Mark Muller, owner of Max Motors in Butler, MO, gained his 3 1/2-year-old company national notoriety in August 2008 when it gave away vouchers for a handgun with every vehicle sold that month. Sales went up 35 percent. This year's August promotion offered vouchers for an AK-47, generating a media frenzy that included this CNN interview where he gets the best of an anti-gun reporter.
Sales for the month doubled, and the company's website, which usually receives between 5,000 and 6,000 hits a day crashed sometime after reaching 1 million hits in a 24-hour period. More than 40,000 e-mails poured in—each of them personally responded to—and 97.8 percent of them were favorable.
"We struck a chord with the God-fearing Americans who still live in this country," Muller said. "People were not coming for the gun, they were buying to support someone of like mind."
Not everyone was happy with the promotion. He received one call from a self-professed "peace activist" who threatened to kill him and rape his wife. Another guy called, claiming he was across the street with a rifle and was going to kill him.
Muller, who regularly carries either a Smith & Wesson 1911 or a Kel-Tec .380 ACP, said the nonsense didn't intimidate him. He added that a lot his employees have a CCW permit and that concealed-carry classes have been conducted at the dealership with regularity.
Although Muller was born in Philadelphia, he's lived most of his life in Missouri, where "We always plinked around with .22s," he said. "I've been shooting my whole life and have done a lot of duck, squirrel and rabbit hunting." Muller's wife learned to shoot more than 10 years ago when he introduced her to the shotgun. "First thing I taught her was to shoot a 12 gauge from the hip."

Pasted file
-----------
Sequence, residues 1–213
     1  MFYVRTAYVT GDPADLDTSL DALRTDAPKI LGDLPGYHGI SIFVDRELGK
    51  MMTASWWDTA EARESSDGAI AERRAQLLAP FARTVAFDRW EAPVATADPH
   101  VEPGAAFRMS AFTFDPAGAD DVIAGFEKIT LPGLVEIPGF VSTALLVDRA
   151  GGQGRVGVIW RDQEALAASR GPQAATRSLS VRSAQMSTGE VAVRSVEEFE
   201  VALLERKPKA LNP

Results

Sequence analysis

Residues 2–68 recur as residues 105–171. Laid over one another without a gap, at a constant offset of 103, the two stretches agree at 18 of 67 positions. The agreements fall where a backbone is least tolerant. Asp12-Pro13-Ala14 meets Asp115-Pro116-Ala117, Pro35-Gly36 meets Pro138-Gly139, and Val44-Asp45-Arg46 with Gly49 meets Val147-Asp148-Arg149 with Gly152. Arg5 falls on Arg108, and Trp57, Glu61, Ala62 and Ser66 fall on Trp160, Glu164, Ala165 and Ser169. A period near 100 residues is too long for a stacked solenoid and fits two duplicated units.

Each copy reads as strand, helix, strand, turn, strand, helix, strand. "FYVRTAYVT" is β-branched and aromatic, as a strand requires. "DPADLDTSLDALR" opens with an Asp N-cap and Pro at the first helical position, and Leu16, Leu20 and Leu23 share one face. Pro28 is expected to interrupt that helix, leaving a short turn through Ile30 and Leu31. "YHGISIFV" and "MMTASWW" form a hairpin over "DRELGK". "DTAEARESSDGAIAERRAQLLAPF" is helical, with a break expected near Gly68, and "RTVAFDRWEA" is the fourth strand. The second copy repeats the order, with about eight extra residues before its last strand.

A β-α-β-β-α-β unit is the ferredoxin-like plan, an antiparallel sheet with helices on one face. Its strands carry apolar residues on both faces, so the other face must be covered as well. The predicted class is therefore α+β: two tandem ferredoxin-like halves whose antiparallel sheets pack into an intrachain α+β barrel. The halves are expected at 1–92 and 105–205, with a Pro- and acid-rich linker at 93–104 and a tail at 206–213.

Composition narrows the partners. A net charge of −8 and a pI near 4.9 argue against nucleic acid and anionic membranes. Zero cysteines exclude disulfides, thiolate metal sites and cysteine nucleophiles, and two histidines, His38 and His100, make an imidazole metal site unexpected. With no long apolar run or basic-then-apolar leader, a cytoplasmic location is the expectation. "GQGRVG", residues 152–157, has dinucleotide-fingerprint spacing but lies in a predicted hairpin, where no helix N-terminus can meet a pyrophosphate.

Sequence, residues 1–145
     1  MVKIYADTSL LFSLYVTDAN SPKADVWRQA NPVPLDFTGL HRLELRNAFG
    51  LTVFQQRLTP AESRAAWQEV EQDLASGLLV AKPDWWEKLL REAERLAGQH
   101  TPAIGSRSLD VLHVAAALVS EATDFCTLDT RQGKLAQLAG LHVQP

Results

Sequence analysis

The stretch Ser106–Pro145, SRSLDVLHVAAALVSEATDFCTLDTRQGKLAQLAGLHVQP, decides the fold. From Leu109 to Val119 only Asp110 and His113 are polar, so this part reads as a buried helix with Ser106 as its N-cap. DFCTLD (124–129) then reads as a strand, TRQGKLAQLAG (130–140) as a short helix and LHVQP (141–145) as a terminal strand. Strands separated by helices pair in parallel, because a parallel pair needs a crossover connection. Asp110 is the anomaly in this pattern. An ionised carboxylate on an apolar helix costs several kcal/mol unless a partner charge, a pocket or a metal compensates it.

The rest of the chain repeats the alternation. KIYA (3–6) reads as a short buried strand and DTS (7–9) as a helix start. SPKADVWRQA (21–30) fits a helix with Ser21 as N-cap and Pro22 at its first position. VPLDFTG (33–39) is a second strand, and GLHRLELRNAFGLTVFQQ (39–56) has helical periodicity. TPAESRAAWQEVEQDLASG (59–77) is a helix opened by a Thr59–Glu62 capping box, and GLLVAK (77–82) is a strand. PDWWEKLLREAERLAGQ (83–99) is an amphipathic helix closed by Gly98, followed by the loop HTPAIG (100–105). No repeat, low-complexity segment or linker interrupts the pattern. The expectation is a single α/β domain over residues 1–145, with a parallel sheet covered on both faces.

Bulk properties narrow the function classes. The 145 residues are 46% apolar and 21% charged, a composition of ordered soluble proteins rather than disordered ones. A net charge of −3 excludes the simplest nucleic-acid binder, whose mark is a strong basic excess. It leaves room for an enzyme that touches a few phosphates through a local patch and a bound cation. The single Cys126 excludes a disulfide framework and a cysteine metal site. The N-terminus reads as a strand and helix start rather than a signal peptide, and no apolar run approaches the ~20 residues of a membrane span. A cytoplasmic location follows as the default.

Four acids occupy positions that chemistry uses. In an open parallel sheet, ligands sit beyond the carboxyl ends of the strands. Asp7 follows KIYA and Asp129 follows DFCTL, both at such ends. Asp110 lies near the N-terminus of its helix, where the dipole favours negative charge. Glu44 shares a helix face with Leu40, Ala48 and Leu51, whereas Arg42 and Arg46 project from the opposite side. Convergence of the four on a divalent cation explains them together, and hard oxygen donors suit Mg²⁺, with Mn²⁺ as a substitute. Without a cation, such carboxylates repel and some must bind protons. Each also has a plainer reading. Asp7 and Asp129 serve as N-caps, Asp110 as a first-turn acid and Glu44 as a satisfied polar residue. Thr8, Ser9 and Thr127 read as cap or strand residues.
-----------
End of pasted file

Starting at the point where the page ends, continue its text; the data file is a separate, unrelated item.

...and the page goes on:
He also has a strong faith, and some of his fellow churchgoes consider gun ownership contrary to the Bible. "I believe it's immoral not to be prepared to defend your family," Muller explained. "That's immoral. I can guarantee Jesus wouldn't be a victim if he didn't want to be."
Oddly, more than half of the buyers didn't take the gun voucher—some opted for gas. "It wasn't about the gun," Muller reiterated. "It was about supporting someone willing to take a stand."
Keeping a dealership thriving in a town with barely 4,000 residents requires 10- to 12-hour workdays, and Muller relies heavily on his 30 years of experience in automobile sales. So what promotion does he have on the drawing board for next year? "I've got one that's bigger and better…." he said.